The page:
After struggling to find a gift for her sister’s wedding, she was divinely led to one of her grandmother’s keepsakes…
- Posted on Mar 25, 2021
God, what should I give Kristin? I prayed before going to bed. My sister’s wedding was two weeks away and I still hadn’t found the right gift. Kristin had been through a lot in the past couple years, after being diagnosed with Hodgkin’s lymphoma. It felt crucial to bless her marriage with something special.
The question weighed on me as I got into bed next to my husband, Aaron. Eventually I drifted off. A sudden nudge jostled me awake. I looked over at Aaron, thinking it was him, but he was fast asleep. Then an image leaped to life in my mind. Clear and vivid. A star, a silhouette of a mother and a child, a stable atop a stereo console. Was that Grandma Hollatz’s Nativity set?
That would make a wonderful gift for Kristin! Of course, my grandfather may have gotten rid of it after my grandmother passed. And even if he still had it, where would I find it? I’d figure out a different solution in the morning. But just as my eyes fluttered shut again, I felt a stronger nudge—a jolt, as if to underscore the point. I sat up, startled but unafraid.
My thoughts flashed to my grandparents’ basement, down the stairs and around a corner to some old shelves. I was drawn to a spot on top. Grandma’s warm, familiar presence surrounded me. No words were spoken, but the message was clear. The Nativity set was for Kristin.
I went to sleep, my wedding gift problem divinely solved. It made perfect sense to pass along this inheritance from our grandma. She had lived with lupus her whole life, succumbing to the disease in 1997, at 64 years old. Through it all, her faith had never wavered.
When Kristin fell ill, we worried that she too might have the disease. Instead, tests showed an equally frightening diagnosis: Hodgkin’s lymphoma. During treatment, Kristin slipped into a coma; her fiancé broke off their engagement. It was devastating. Still, with the faith Grandma had instilled in us and our family’s support, my sister made it through.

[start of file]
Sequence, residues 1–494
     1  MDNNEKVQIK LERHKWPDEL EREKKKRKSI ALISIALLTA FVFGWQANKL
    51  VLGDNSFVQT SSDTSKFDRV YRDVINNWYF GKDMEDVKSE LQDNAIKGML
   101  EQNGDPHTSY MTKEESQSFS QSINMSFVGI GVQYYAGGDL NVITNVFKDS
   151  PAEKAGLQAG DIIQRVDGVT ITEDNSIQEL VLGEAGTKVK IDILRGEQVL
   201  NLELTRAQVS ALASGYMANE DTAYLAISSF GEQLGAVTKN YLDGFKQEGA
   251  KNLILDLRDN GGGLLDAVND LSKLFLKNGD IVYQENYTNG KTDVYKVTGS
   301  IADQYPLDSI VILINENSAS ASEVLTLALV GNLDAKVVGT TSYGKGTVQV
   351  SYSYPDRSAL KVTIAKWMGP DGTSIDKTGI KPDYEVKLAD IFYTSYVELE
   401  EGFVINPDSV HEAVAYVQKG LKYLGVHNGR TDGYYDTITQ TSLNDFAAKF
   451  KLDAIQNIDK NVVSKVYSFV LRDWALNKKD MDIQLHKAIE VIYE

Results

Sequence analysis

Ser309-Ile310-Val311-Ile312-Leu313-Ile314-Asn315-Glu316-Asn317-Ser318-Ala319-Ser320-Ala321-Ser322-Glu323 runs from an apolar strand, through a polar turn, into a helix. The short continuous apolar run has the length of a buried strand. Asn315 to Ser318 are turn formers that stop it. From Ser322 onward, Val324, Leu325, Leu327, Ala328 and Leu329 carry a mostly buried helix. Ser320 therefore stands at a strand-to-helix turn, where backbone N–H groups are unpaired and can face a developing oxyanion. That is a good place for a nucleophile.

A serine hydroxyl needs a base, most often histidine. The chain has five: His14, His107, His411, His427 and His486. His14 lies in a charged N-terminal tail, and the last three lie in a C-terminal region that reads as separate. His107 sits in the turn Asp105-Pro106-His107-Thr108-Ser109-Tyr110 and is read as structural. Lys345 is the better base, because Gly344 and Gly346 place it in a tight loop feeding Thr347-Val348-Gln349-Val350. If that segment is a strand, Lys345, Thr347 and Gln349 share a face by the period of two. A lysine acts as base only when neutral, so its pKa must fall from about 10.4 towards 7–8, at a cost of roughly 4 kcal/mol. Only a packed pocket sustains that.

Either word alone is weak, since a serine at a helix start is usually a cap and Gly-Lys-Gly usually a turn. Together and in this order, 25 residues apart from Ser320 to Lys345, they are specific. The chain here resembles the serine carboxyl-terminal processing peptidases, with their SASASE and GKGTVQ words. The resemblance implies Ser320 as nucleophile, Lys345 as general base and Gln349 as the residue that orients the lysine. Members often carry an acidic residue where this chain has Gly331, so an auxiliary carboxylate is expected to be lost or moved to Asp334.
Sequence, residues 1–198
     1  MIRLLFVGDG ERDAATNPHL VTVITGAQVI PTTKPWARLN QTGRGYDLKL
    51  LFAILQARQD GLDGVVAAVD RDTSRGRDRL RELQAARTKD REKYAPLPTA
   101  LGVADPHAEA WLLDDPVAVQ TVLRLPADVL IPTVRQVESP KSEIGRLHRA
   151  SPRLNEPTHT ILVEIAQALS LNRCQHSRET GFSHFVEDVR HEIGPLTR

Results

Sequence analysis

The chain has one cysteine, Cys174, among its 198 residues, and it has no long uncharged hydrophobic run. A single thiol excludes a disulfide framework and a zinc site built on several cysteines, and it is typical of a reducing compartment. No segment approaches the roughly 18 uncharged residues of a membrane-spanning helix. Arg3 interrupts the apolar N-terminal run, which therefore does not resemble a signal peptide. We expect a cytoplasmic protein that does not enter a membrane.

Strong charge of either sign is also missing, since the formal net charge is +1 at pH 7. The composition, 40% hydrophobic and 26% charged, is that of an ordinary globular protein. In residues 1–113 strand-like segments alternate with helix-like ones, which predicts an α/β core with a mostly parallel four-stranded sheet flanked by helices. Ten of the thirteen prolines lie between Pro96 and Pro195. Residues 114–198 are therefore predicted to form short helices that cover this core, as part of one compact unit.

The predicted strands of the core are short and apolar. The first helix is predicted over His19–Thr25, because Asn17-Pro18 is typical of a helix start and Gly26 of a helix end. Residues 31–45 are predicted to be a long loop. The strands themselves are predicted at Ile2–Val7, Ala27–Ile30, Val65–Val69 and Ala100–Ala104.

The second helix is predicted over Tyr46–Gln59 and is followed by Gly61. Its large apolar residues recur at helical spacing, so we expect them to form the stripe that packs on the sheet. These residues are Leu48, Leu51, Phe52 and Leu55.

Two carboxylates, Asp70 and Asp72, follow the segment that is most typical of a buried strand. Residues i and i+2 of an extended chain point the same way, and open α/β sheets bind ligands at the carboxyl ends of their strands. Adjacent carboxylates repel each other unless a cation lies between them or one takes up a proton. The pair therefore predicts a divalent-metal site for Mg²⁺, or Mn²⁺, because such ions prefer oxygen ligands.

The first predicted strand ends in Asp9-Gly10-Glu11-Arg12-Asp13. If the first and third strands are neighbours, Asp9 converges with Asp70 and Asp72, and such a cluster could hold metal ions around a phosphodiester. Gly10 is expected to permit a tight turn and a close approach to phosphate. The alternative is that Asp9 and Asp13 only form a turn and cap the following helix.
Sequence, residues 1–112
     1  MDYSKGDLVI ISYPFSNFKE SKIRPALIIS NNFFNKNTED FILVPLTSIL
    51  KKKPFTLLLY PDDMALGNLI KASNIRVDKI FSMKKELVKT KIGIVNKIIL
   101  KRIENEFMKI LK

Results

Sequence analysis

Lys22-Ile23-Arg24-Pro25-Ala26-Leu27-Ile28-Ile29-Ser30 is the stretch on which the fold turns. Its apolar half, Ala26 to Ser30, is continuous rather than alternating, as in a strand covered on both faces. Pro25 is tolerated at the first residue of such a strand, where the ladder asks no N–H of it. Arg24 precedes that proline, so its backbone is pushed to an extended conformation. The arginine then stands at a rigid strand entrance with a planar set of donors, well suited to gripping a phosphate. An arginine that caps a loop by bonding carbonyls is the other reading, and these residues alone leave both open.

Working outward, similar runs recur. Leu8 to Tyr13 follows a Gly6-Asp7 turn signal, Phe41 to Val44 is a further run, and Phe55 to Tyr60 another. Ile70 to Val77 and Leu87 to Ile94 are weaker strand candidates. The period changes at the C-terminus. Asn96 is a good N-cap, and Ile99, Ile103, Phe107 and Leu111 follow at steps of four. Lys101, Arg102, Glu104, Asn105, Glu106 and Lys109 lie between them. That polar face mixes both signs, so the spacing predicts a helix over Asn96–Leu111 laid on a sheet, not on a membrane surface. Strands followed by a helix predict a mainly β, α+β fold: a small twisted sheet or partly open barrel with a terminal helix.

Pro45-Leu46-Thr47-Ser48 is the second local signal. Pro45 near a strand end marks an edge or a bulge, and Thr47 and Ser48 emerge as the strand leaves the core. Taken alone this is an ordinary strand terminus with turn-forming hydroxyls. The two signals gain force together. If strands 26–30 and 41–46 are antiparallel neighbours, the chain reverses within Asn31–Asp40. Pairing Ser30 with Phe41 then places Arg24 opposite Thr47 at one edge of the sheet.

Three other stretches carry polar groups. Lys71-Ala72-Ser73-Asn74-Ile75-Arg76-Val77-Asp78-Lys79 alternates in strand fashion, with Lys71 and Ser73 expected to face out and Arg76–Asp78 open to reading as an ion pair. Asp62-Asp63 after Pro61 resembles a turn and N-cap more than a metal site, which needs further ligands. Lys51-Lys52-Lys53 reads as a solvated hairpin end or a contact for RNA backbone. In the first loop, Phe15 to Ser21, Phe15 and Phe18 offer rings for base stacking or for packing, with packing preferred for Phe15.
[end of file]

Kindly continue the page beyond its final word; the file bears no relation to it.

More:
Just a few weeks into her recovery, she met Tim. We advised her to be cautious—what bachelor takes on a sick girl with a wig and huge medical bills? But it didn’t take long for us to realize that he was the one. Now with this heaven-sent vision, it seemed their wedding had Grandma’s blessing as well.
The next morning, I excitedly called my mother. “I know exactly what to give Kristin,” I said. “Grandma’s Nativity set! I was led right to it in a vision.”
“I already bought them a gorgeous new set yesterday,” Mom said. “I can’t even remember what that old one looked like…. How do you know it wasn’t just a dream?”
My heart sank. My vision had felt so strong, but could Mom be right? Was it possible that it had just been my imagination? In any case, I didn’t want to complicate things so close to the wedding, so I dropped the matter and settled on a nice set of stemware for my sister.
A few weeks after the wedding, Mom and I went to visit Grandpa. After we said our hellos, curiosity got the better of me and I headed to the basement. I went down the stairs and around the corner. I reached up to the spot on the shelves, then carefully pulled down two Styrofoam boxes. I opened one and—
“Mom!” I shouted, running upstairs. “Look what I found!”
“Oh, Sheila,” Mom gasped.
“I know Grandma would want Kristin to have it. My vision…”
“No,” Mom said. “You found it. Kristin has one already. This set is for you.”
I felt strongly that it was for Kristin, but she did already have a set. And I had so few of Grandma’s keepsakes to remember her by. Reluctantly, I took home the Nativity set and carried the boxes inside. As I set them up high on a closet shelf, I noticed something on the side of one of the boxes. An inscription on the Styrofoam: Kristin. A flush came over me, and I was filled with the joy of certainty. My grandmother had indeed blessed Kristin—and me—with the perfect gift.
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